Employee: James T. Paganelli
Employer: Massachusetts Turnpike Authority
Self-Insurer: Massachusetts Turnpike Authority
Board No.: 030073-02

(Judges Fabricant, Carroll and Costigan)

Brian C. Cloherty, Esq., for the employee
Elizabeth A. Fleming, Esq., for the self-insurer

FABRICANT, J. The self-insurer appeals an administrative judge's decision awarding the employee ongoing weekly § 34 total incapacity benefits. We agree that the judge erred by considering and making findings on the employee's low back condition, an issue that was not raised. We vacate the decision as to that issue; in all other respects, we affirm the decision.

The employee, a toll collector, originally injured his left arm and shoulder at work on March 28, 1999. [1] Following surgery and rehabilitation, the employee returned to his position in February 2002. However, working aggravated his already painful condition, and he left work again on August 20, 2002. [2] (Dec. 3-4.)

In September 2002, the employee filed a claim for a left shoulder injury, alleging a
date of injury of August 20, 2002. Following a § 10A conference, at which the employee claimed dates of injury of March 28, 1999 and August 20, 2002, an administrative judge ordered the self-insurer to pay the employee weekly § 35 partial incapacity benefits from August 21, 2002 to August 31, 2002, and from September 3, 2002 to date and continuing. (Order of Payment § 35 filed January 14, 2003.) The self-insurer appealed to a de novo hearing. (Dec. 2.)

Dr. Eui K. Chung examined the employee pursuant to § 11A. Neither party opted to depose Dr. Chung. (Dec. 2.) At hearing, the self-insurer filed a motion to strike the impartial examiner's report on the grounds that the impartial physician offered an opinion on a physical condition (the employee's low back problem) which was beyond the scope of the medical issues in dispute, and which had been litigated in a prior hearing. In addition, the self-insurer alleged the employee engaged in an improper ex parte communication with the impartial physician by directly submitting to him a medical record from Dr. Pongor that had not been provided to the judge or to the self-insurer. The self-insurer also moved for the allowance of additional medical evidence. (Ex. A, for Identification only; Tr. 3.) The judge found the impartial report adequate, and denied the self-insurer's motion to strike it. However, he allowed the parties to submit additional medical evidence due to "the complexity of the medical issues occasioned by the employee's prior and prospective surgery." (Dec. 2; Tr. 5-6.) Both the employee and the self-insurer submitted additional medical evidence. [3] (Dec. 1; Exs. 7 and 8.)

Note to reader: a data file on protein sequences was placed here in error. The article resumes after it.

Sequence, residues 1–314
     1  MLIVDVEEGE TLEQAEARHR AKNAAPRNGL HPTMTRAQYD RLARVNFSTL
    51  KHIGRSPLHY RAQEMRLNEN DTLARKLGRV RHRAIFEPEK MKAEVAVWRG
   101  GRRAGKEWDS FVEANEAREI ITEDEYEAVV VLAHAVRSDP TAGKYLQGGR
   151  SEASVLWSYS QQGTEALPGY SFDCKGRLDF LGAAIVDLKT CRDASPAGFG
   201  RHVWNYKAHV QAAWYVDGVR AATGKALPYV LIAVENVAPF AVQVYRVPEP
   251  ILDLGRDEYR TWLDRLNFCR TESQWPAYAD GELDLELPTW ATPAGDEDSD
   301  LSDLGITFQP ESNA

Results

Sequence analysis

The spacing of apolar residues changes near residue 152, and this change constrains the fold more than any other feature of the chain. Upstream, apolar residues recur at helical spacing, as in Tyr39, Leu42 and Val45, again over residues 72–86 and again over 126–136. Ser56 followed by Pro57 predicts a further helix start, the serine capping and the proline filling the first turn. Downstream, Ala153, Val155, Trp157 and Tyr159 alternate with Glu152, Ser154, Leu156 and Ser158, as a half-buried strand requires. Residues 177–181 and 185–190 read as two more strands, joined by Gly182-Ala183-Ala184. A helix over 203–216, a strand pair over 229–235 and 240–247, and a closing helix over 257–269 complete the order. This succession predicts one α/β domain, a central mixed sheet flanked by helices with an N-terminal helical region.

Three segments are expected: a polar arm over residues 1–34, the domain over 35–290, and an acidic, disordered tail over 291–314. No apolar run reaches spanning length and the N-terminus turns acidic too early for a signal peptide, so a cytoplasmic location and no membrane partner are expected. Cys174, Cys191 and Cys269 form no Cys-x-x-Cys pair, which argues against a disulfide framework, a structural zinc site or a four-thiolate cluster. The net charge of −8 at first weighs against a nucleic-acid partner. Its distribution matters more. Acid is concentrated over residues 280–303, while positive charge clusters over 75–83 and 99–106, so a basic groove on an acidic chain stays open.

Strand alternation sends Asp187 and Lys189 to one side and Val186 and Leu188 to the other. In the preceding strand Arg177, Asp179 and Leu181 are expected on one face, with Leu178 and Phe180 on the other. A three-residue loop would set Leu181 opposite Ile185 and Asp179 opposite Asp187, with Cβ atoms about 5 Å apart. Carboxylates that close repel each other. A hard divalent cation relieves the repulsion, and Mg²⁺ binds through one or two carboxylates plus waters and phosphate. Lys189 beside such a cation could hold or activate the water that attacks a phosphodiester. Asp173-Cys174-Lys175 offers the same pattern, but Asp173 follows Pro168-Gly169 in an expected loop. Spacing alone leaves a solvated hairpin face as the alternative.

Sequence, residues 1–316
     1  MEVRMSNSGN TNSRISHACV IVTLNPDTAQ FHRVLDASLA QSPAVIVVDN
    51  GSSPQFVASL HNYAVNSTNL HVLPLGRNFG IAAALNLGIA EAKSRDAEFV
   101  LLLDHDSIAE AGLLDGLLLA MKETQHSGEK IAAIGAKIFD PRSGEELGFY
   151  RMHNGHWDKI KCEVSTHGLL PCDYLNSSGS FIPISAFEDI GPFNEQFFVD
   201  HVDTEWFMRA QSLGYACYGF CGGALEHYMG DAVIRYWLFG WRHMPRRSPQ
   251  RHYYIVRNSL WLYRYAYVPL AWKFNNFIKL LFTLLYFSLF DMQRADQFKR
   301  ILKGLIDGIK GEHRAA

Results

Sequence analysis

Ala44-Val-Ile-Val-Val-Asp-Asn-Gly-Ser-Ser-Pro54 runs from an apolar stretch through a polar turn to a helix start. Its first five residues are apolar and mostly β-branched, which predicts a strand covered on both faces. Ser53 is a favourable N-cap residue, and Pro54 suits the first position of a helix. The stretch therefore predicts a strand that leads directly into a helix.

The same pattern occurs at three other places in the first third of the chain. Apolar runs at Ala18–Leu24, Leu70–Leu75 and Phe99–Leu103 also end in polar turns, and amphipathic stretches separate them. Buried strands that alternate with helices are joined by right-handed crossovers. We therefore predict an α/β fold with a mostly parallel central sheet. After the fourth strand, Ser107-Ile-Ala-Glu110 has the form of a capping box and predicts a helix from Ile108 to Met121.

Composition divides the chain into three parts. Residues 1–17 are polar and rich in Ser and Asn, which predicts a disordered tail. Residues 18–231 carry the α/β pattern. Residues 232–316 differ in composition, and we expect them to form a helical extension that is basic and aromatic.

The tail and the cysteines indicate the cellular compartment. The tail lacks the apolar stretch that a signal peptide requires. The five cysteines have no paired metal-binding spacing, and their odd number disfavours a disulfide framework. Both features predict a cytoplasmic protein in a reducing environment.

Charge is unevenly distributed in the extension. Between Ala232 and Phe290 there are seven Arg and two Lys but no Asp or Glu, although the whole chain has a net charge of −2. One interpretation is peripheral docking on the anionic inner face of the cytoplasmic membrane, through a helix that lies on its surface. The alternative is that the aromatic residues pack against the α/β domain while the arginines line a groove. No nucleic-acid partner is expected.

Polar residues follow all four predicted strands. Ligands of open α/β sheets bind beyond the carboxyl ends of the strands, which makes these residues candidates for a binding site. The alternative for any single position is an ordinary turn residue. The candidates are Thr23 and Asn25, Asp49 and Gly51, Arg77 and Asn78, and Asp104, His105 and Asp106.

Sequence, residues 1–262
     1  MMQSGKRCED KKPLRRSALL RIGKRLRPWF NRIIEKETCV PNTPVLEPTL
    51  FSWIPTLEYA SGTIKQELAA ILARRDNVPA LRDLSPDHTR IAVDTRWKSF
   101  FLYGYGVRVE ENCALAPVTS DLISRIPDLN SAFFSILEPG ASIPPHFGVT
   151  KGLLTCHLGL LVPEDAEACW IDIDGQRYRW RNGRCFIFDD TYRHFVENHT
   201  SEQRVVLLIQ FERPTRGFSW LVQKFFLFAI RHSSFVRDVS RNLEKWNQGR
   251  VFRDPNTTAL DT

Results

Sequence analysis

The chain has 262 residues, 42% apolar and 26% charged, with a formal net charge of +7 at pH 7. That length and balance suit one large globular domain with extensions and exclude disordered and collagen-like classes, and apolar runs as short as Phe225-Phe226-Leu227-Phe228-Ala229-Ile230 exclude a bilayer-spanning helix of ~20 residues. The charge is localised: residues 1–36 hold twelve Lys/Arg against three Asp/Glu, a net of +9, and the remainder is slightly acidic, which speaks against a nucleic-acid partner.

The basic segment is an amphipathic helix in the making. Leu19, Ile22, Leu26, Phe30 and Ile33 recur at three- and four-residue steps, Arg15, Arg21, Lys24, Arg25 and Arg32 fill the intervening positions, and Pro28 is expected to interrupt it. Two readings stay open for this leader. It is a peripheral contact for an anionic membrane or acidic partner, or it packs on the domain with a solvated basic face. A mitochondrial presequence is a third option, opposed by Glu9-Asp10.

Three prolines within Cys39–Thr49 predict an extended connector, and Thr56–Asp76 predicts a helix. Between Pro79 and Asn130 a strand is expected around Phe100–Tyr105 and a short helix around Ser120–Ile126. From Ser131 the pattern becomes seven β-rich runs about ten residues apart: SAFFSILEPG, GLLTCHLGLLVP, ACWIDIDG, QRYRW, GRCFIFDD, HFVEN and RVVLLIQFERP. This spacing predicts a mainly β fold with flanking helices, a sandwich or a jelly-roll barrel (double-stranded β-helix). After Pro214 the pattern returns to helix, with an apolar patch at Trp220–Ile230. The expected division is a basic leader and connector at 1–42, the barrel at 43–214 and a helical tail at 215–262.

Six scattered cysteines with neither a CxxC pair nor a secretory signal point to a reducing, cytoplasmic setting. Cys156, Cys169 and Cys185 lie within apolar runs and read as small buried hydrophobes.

The judge adopted the opinion of Dr. Chung, the § 11A examiner, that the employee's left shoulder injury was causally related to his injury at work on March 28, 1999. He also adopted Dr. Chung's opinion that the employee has chronic impingement syndrome, restricting him to no lifting over ten pounds with his left arm, as well as no elevation, outreaching, or overhead use, and that without further surgery, he will not improve. In addition, the judge adopted Dr. Chung's opinion that the employee's low back strain was causally related to his original injury of March 28, 1999, and that he needed further diagnostic testing regarding his low back. (Dec. 5.) The judge adopted the opinion of Dr. Paul Pongor, the employee's treating physician, that the employee's left shoulder condition causes pain and restricts the employee's ability to reach overhead and extend his left arm, and that surgery may significantly improve the employee's condition. The judge also credited Dr. Pongor's opinion that the employee needed a MRI of his right shoulder to determine if he has problems with it which are related to his left shoulder injury. (Dec. 6.)